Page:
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This is the accumulation of gases in the body, usually caused ...
Instructions To The Patient
Before beginning endoscopy the patient should be told that h...
Our Relations With Others
EVERY one will admit that our relations to others sho...
Hurry, Worry, And Irritability
PROBABLY most people have had the experience of hurry...
(_Acetate of Copper Verdigris_) applied to _Cancerous_ ulcers...
Potatoes boiled and beaten up with buttermilk, spread out in t...
Symptoms And Signs Of Cardiac Disturbance
It is now recognized that any infection can cause weakness an...
The Child As An Ideal
WHILE the path of progress in the gaining of repose c...
Affection Of The Brain
When the _brain_ is affected, the patient suddenly complains ...
There are gradations of fasting measures ranging from rigorou...
This trouble is found in the double form; first, of limbs whic...
Fancy can save or kill; it hath closed up wounds, when t...
This is often an adjunct of old age, and sometimes occurs in t...
As in cholera morbus, keep the patient on his back, still as ...
Breathing Correct Method Of
The capacity of an ordinary pair of lungs is about 250 cubic i...
If a person has been long accustomed to a slow-acting heart, ...
Malignant Disease Of The Esophagus
Cancer of the esophagus is a more prevalent disease than is c...
Mechanical Problems Of Esophagoscopic Removal Of Foreign Bodies
The bronchoscopic problems considered in the previous chapter...
Mechanical Problems Of Bronchoscopic Foreign Body Extraction*
* For more extensive consideration of mechanical problems...
The prognosis is very uncertain. This infirmity is often cure...
Source: Disturbances Of The Heart
The treatment of shock will probably always be unsatisfactory as the
cause is so varied, and, although circulatory prostration and
vasomotor paresis always constitute the acute condition, the
physiologic health of the heart and blood vessels is so varied. The
patient in shock has low temperature, low blood pressure, and a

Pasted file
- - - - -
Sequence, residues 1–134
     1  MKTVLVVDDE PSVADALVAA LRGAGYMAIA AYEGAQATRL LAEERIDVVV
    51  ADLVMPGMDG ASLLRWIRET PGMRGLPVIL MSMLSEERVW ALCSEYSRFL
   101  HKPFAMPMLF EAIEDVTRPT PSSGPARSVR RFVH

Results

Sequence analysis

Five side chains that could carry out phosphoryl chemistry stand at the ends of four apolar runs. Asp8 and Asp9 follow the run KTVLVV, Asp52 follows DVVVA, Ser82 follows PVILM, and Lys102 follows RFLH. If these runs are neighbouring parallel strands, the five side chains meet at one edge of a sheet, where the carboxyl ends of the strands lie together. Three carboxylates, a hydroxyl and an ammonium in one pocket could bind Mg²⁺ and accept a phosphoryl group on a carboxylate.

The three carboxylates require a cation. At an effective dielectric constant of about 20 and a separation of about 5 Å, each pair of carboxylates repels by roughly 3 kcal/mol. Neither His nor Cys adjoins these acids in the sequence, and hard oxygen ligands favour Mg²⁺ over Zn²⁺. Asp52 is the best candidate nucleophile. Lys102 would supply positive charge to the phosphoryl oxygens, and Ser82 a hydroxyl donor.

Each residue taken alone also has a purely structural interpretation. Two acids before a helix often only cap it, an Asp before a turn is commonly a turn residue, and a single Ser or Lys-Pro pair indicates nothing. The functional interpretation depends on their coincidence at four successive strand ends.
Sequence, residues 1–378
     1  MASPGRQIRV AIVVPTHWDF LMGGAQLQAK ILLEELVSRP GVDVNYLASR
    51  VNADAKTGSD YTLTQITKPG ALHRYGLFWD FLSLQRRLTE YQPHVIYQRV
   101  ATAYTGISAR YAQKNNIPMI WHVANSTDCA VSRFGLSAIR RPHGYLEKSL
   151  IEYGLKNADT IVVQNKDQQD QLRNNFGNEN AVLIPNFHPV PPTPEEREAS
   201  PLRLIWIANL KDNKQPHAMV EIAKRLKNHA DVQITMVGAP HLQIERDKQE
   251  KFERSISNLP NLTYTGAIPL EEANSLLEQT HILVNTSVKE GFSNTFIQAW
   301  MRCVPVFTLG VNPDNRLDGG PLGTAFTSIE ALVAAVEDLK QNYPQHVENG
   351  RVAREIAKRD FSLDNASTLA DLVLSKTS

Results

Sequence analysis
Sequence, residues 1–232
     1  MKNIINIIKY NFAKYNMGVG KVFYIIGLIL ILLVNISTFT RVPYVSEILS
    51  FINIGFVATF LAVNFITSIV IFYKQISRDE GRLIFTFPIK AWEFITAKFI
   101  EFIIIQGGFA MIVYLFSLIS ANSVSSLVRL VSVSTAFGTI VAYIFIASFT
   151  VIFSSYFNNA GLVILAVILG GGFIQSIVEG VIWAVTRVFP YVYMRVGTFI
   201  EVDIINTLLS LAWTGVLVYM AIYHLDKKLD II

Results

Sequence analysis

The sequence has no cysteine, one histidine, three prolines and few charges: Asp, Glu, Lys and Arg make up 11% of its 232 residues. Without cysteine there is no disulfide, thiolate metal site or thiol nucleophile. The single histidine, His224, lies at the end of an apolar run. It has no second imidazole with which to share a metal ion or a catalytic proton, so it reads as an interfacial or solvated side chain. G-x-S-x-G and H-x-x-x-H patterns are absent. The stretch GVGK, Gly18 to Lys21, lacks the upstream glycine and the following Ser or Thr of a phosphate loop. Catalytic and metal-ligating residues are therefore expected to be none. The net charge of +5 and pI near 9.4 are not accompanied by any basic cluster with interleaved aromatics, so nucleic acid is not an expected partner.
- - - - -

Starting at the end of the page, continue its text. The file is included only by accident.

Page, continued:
pulse either rapid or slow, but excessively feeble; the face is
pale, the surface of the body cold, and there is more or less clammy
perspiration; there may be dyspnea and cardiac anxiety, or the
patient may hardly breathe.
An acute cause, as terrible pain or hemorrhage, must of course be
stopped immediately. There is more or less anemia of the brain, and
therefore the legs and perhaps the lower part of the body should be
elevated. It may even be wise to drive the blood from the legs by
Esmarch bandages into the rest of the circulation. As there is
always more or less paresis and dilatation of the large veins of the
splanchnic system, a tight bandage about the abdomen is of great
advantage in raising the blood pressure to the safety mark.
Strophanthin, given intravenously, is valuable as a quick
restorative of the heart. Digitalis is so slow that it is of little
value in an emergency. Camphor hypodermically, and hot liquids
(nothing is better than black coffee) given by the mouth, are
valuable remedies. The camphor may be repeated frequently.
Strychnin, the long-used stimulant, should generally be given, but
in not too large doses and not too frequently repeated; 1/30 grain
hypodermically is generally a large enough dose; this dose may be
repeated in three or four hours, but should ordinarily not be given
oftener than once in six hours. An aseptic preparation of ergot
given intramuscularly is most efficient in raising the blood
pressure and aiding the heart. One dose of brandy or whisky may do
no harm. Alcohol, however, should not be pushed.
A most important procedure in all kinds of shock is to surround the
patient with dry heat, hot-water bags, and hot flannels; gentle
friction of the arms and legs, unless the patient is too exhausted,
may be of benefit. A hot-water bag to the heart is always a
stimulant. Sometimes friction over the base of the heart in the
region of the auricles is of benefit.
If the collapse is not acute and there is gradual profound
prostration, or if the patient is improved but still in a serious
condition of shock, too energetic measures must not be used; neither
should too many drugs be administered, or drugs in too large doses.
Absolute quiet and the administration of liquid nourishment in but
small amounts at a time are essential.
The hypodermic administration of epinephrin solutions, 1:10,000, or
solutions of pituitary extract, 1:10,000, should be considered; they
are often valuable.
If the shock occurs in ether or chloroform anesthesia, the
vasopressor stimulating effect of inhalations of carbon dioxid gas
may be considered, as advised by Henderson."
If the shock is due to hemorrhage and the hemorrhage has ceased, a
transfusion of physiologic saline solution is generally indicated.
Transfusion of blood under the same conditions is still better.
Rarely is transfusion indicated in shock from other causes; it often
adds to the difficulty rather than improves it. Occasionally if
shock is decided to be due to a toxemia, the toxin may be diluted by
the withdrawal of a small amount of blood and the transfusion of an
equal amount of saline solution.
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